I was just thinking about… Reveling in reverie
By Janice Lindsay
My desk window overlooks our deck. As I opened my laptop to write just now, I gazed out the window and was distracted by the sight of a fuzzy, grayish caterpillar, in the rain, inching its way (or, more accurately, quarter-inching its way) across the seat of a deck chair.
I can’t make out its features but I know that even if I could, I wouldn’t be able to identify what moth or butterfly it will become. I’ve had no luck doing that with other caterpillars, as uninformed as I am about moths and butterflies. I wonder how it arrived on the deck, and where it thinks it’s going. What will become of it, so far from any food source?
Then I pull my attention back to the subject I intended to write about: distractibility. Before my attention was diverted by the caterpillar, I had read an article about being distracted, whether it’s a good thing or not.
According to a report in the usually reliable Wall Street Journal, a study of college students indicates that being able to focus totally on the task at hand, while it’s often necessary, doesn’t always help the thinker devise a problem’s most creative solution. Apparently, if you can’t filter out all external stimuli, you let everything in, and you’re more apt to be open to a wide variety of ideas and solutions. “Those undergrads who had a tougher time ignoring unrelated stuff,” writes Jonah Lehrer, “were also seven times more likely to be rated as ‘eminent creative achievers’ based on their previous accomplishments.”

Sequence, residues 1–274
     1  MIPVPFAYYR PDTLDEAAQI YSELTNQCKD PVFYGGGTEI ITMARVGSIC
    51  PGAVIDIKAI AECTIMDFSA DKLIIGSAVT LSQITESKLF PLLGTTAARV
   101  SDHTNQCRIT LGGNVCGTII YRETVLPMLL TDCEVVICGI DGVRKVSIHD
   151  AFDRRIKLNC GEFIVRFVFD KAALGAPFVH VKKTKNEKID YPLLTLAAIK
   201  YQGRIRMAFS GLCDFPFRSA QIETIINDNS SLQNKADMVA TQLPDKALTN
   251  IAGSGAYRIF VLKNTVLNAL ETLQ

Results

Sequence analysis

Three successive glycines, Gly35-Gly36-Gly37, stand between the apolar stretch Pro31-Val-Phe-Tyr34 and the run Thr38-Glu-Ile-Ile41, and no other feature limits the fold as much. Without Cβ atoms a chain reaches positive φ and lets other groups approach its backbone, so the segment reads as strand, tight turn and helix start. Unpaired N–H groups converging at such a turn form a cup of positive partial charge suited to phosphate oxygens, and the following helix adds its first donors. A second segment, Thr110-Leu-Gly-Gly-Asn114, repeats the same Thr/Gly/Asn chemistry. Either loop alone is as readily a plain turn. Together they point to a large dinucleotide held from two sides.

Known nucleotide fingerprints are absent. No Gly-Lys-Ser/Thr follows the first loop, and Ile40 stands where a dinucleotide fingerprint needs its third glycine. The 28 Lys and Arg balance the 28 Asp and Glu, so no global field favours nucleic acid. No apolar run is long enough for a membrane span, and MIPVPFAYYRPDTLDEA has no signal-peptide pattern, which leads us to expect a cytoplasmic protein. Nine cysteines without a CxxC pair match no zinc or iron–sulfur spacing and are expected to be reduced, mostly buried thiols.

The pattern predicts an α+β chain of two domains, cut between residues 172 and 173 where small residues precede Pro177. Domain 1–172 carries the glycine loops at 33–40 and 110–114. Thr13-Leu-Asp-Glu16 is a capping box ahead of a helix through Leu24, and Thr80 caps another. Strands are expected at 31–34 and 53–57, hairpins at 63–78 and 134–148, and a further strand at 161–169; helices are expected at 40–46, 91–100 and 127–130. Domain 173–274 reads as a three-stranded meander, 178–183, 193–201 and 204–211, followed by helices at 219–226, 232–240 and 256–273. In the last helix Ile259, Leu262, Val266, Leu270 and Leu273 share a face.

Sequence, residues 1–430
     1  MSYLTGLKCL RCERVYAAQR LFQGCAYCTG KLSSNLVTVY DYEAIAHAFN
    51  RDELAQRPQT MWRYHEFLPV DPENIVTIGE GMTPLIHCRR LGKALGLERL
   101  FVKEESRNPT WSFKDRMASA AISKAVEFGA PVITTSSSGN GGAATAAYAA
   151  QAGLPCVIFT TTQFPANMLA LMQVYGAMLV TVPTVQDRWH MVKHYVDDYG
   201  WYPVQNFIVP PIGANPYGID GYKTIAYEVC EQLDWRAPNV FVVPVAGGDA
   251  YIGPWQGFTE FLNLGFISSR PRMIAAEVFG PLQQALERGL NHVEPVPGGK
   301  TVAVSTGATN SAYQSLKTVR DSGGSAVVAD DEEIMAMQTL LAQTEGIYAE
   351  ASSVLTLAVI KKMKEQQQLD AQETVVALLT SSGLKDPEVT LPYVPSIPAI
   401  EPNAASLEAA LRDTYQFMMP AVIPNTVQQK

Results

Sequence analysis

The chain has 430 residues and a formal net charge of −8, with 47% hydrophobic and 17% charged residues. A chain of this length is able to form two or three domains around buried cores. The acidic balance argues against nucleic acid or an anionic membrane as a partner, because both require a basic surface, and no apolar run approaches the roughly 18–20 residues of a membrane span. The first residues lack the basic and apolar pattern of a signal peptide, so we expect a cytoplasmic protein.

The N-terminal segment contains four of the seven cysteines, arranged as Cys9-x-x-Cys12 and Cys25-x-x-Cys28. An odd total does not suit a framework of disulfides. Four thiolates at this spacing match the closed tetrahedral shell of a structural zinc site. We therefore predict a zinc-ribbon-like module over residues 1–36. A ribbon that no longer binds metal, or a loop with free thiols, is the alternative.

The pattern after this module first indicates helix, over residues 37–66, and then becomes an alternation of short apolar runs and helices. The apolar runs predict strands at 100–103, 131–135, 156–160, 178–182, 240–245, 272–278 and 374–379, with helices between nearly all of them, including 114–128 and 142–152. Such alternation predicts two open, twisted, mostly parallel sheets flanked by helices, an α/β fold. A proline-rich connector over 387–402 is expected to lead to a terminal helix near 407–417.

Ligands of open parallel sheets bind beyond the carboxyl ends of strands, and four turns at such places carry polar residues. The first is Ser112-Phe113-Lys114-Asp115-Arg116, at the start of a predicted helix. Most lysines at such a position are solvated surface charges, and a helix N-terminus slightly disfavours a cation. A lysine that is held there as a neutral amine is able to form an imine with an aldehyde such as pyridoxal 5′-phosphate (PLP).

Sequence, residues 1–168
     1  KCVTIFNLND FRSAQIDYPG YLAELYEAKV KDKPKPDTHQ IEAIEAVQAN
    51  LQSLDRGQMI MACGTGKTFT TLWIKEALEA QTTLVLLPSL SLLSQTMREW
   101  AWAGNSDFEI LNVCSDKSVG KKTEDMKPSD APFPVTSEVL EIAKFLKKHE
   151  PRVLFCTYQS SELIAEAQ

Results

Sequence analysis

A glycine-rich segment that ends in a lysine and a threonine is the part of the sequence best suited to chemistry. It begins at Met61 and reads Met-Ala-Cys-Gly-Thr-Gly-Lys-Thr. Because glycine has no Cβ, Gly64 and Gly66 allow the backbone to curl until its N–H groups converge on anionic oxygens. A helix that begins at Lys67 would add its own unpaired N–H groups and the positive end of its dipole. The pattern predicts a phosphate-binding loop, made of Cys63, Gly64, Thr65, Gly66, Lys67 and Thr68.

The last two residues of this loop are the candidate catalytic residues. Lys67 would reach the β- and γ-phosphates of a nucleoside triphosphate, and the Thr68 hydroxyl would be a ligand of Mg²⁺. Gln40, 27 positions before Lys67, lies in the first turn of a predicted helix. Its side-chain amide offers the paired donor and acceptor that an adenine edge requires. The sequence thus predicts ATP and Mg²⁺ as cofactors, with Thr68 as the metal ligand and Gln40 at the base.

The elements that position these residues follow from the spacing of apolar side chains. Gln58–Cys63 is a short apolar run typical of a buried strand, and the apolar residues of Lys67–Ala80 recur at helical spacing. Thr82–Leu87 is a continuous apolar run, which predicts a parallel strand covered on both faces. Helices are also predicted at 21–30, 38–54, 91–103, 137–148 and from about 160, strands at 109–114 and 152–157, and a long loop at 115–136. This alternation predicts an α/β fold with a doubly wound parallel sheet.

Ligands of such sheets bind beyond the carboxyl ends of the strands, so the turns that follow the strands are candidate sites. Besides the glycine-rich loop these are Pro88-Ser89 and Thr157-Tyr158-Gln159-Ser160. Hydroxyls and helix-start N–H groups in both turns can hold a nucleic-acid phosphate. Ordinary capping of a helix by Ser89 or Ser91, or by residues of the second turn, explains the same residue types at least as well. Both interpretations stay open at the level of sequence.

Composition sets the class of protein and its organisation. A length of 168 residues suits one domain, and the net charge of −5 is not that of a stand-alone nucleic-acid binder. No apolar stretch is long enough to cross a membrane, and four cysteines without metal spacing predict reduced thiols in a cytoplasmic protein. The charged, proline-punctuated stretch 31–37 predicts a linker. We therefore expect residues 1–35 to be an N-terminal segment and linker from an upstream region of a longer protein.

And here am I, always trying to be such a good focuser — by the way, now my stubbly friend is crawling down a chair leg — but apparently I shouldn’t have tried so hard. Probably I could be much more creative if I didn’t concentrate so intensely!
Which brings me to another subject I read about today. Daydreaming. Daydreaming seems like laziness, though this article in The Week says most of us spend about a third of our waking hours doing it. And guess what! Magnetic resonance imaging machines show that all kinds of activity occur inside our brains when we feel as if we’re goofing off.
Somewhere, in school right now, sits a young person, not paying attention in class, engaged in private reverie and, perhaps unknown even to herself, figuring out how to bring about world peace.
Which brings me to the final subject I intended to address today before I was distracted — I’ve lost sight of my friend, probably it’s upside down underneath the seat — silence, for we daydream in silence.
Psychologist James Hillman theorizes that the U.S. is becoming more and more illiterate because, during our school years, we have fewer and fewer opportunities for silent, solitary study: “silent study halls and quiet periods, solitary homework, learning by heart, listening through a whole class without interruptions, writing an essay exam in longhand….”
“Reading,” he writes, “depends on the psyche’s capacity to enter imagination. Reading is more like dreaming, which, too, goes on in silence.”
And, I might add, reading is like daydreaming. They both plant you in a silent world of your own creating, unlike anybody else’s silent world.
So probably we could all be more creative, more literate, and of greater benefit to society if we each spent more time alone, in silence, thinking our own thoughts, daydreaming our own daydreams, and — I think I’d better see if that caterpillar is okay.
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